Carbohydrates Explained : How Many Carbs Are In The Food We Eat?

We hear so much about carbohydrates in the health and fitness industry, carbs will do this, carbs will do that, but the truth is that carbs just do what they do…and do it well! Carbs are the deliverer of glucose, they are the most readily available source of Glucose and need fewer biological processes compared to protein and fat in order to liberate energy.  So why do carbs always seem to be under the spotlight in one way or another, why are there ‘high carb intakes’ and what constitutes a ‘low carb day’? Well the whole ‘carb manipulation’ process is quite in depth and to discuss it in its entirety is beyond the scope of this short article, but what I can do is orientate you to what a large and small amount of carbs looks like.

Types of Carbohydrate

It’s pertinent to remember that carbs come in different forms, you have simple and complex carbs which liberate their energy over different time frames. Complex carbs release their energy more slowly compared to simple carbs because of their more complex chemical structure i.e. the presence of more double bonds. Simple carbs come in both natural and refined forms and they are released into the blood stream over a period of minutes instead of hours.

Typical Carb values of common foods

Complex Carbs (from highest to lowest per serving)


  • 250g Basmati/wholegrain rice = 80g Carbs
  • 250g egg noodles = 57g Carbs
  • 1x Bagel = 41g Carbs
  • 1x average sweet potato (100-150g) = 37g Carbs
  • 1x baked potato (100-150g) = 29g Carbs
  • 2x Weetabix = 26g Carbs
  • 30g Porridge Oats = 24g Carbs
  • 2 slices Wholegrain bread = 20g Carbs
  • 2x Ryvita = 14g Carbs
  • 2x Rice Cake = 12g Carbs
  • 50g (large handful) Cashew nuts = 11g Carbs


Simple Carbs (from highest to lowest per serving)


  • 1x 55g pack of sweets = 43g Carbs
  • 1x large banana = 23g Carbs
  • 200ml cola (soft drink) = 22g Carbs
  • 250g (half jar) prepared food sauces = 20g Carbs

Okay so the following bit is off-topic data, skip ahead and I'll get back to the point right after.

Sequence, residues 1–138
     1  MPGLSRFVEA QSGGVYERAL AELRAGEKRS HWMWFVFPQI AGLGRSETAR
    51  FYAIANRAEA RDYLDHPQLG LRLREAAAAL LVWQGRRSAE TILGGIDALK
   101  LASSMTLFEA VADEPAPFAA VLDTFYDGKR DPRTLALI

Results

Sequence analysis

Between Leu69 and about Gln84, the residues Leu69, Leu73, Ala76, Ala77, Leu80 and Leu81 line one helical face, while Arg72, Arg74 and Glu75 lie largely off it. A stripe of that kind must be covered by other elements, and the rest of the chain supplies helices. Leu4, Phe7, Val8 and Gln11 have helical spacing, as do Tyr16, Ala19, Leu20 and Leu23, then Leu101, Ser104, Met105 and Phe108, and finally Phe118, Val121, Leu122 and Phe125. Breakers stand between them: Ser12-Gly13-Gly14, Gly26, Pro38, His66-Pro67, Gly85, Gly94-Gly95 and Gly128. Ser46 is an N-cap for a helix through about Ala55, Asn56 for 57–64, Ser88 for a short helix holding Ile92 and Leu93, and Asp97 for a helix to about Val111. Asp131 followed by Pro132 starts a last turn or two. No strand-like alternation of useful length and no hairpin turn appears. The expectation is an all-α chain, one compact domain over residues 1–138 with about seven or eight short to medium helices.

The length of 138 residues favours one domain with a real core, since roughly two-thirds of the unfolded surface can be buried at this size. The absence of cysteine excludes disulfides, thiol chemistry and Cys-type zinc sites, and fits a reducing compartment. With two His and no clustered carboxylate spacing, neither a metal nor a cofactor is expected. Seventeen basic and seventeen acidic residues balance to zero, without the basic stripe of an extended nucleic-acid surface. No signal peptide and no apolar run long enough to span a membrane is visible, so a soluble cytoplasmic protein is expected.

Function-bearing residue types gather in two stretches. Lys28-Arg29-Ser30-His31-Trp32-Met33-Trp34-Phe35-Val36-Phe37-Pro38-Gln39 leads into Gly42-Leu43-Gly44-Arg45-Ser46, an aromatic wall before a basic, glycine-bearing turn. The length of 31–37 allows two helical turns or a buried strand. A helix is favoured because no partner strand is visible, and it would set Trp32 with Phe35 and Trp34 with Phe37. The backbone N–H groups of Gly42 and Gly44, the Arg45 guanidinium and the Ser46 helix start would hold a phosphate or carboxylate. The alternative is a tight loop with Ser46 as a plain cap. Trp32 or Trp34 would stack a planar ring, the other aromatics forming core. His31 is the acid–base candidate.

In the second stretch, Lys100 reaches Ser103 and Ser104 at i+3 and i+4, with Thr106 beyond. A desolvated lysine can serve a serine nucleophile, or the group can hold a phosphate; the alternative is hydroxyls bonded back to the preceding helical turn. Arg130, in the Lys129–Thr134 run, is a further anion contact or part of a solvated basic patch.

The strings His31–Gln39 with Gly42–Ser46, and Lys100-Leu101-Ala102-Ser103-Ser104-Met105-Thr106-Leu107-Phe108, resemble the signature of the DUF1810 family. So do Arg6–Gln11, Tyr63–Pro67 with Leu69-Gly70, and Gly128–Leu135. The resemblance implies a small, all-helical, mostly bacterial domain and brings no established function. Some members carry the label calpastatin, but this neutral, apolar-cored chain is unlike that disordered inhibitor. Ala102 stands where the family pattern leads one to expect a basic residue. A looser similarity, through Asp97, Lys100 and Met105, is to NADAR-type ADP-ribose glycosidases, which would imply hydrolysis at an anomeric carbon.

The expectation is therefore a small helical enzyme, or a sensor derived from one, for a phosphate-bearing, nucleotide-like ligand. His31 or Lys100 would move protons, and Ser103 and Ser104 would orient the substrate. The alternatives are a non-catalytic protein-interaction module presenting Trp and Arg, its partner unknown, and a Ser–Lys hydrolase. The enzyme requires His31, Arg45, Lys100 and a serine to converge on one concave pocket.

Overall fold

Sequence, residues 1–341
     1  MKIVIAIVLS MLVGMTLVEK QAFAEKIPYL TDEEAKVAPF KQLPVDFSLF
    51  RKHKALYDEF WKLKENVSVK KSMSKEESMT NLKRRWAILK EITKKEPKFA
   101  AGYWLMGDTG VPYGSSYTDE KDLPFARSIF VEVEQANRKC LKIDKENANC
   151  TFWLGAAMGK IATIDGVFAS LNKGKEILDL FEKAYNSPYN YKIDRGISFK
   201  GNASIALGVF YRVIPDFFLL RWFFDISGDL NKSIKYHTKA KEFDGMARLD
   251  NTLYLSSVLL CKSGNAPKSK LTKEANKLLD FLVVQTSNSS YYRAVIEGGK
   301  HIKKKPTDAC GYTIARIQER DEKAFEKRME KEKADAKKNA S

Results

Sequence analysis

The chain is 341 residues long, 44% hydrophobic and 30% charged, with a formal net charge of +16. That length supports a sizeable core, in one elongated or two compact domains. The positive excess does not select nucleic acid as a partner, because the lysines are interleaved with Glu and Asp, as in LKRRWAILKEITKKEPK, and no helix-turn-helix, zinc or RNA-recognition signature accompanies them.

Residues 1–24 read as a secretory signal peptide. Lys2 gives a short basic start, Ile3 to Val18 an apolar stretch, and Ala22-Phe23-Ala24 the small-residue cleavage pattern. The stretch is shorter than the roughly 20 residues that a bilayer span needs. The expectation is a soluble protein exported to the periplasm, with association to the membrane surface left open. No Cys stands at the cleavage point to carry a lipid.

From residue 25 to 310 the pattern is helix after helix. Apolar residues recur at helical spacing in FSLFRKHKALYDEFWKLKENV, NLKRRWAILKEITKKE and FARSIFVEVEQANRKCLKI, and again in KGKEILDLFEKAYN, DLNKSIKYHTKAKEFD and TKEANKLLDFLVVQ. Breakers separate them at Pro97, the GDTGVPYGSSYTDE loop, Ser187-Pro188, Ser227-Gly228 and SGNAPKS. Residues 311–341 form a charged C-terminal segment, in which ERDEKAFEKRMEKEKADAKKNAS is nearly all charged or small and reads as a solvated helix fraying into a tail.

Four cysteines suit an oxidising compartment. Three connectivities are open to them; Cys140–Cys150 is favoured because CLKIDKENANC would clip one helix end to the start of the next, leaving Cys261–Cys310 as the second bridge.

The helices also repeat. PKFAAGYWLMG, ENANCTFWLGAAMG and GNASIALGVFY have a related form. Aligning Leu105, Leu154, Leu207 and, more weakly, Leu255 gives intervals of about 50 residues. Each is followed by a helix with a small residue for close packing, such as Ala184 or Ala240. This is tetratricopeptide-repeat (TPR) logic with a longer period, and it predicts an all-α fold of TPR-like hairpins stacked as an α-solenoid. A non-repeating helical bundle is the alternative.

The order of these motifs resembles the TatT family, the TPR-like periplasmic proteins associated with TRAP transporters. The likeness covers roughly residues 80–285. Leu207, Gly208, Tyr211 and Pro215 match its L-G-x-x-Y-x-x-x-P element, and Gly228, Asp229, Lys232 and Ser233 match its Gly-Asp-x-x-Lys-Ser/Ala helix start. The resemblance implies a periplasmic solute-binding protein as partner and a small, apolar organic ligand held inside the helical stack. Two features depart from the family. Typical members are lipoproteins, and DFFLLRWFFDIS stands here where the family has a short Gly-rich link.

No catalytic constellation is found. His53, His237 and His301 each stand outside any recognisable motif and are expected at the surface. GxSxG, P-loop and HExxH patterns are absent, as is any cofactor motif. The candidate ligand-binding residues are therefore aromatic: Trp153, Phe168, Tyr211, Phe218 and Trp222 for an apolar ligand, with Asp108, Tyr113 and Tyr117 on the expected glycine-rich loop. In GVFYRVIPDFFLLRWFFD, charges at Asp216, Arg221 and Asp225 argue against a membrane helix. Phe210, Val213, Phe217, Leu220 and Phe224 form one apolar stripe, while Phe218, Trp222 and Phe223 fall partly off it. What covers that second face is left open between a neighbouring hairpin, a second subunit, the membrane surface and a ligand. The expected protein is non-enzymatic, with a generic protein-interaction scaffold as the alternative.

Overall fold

• 2x teaspoons clear honey = 17g Carbs
  • 125ml Fresh orange juice = 15g Carbs
  • 1x large apple = 11g Carbs
  • 2x tangerines = 10g Carbs
  • 3x squares chocolate = 9g Carbs
  • 2x teaspoons table sugar = 8g Carbs
  • 1x teaspoon Jam = 6g Carbs

The above list isn’t exhaustive, and the values are influenced by the portion size e.g. table sugar is significantly higher than an apple gram for gram, but the average serving of an apple delivers more than an average serving of sugar…hence the above list is based on an average serving and not total carb content.

Getting the carb balance is key, carbs are not the devil. You need carbs when bodybuilding, you need carbs when lifting weights, and you most definitely need carbs when you're running, cycling or performing any form of endurance work…heck, you need carbs just to stay alive! Anyone that tries telling you to avoid carbs completely, ignore them…or ask to see their Dietetic registration, carbs are integral…all you've got to do is understand them and get the balance right.

About the Author

Job Role Qualified Dietitian and Sports Nutritionist Qualifications BSc (Hons) Sports Science | BSc (Hons) Dietetics Tom has always participated in sport both recreationally and competitively which led to an unquenchable thirst for information on anything health, nutrition and fitness. After leaving school Tom went on to play for a football academy during which time he studied Sport and Exercise Science. From here he went on to study a BSc (Hons) Sport Science at UEA followed by his second BSc (Hons) degree, this time at the University of Hertfordshire studying Dietetics. Tom has worked in the fitness, educational and clinical nutrition industry starting out at David Lloyd Health and Leisure Clubs. He then went on to work as a Dietitian (RD) in the NHS, during which time he conducted clinics for healthy eating, weight loss and weight gain, as well as specialised consultations on Diabetes, IBS and Coeliac disease to name a few. He has vast amounts of experience at devising diet plans and supplement regimens, as well as working in the community with schools and competitive athletes. As Head Nutritionist and Supplement expert at Discount Supplements Tom is here to provide current and evidence based health and nutrition information to help you reach your health and fitness goals!
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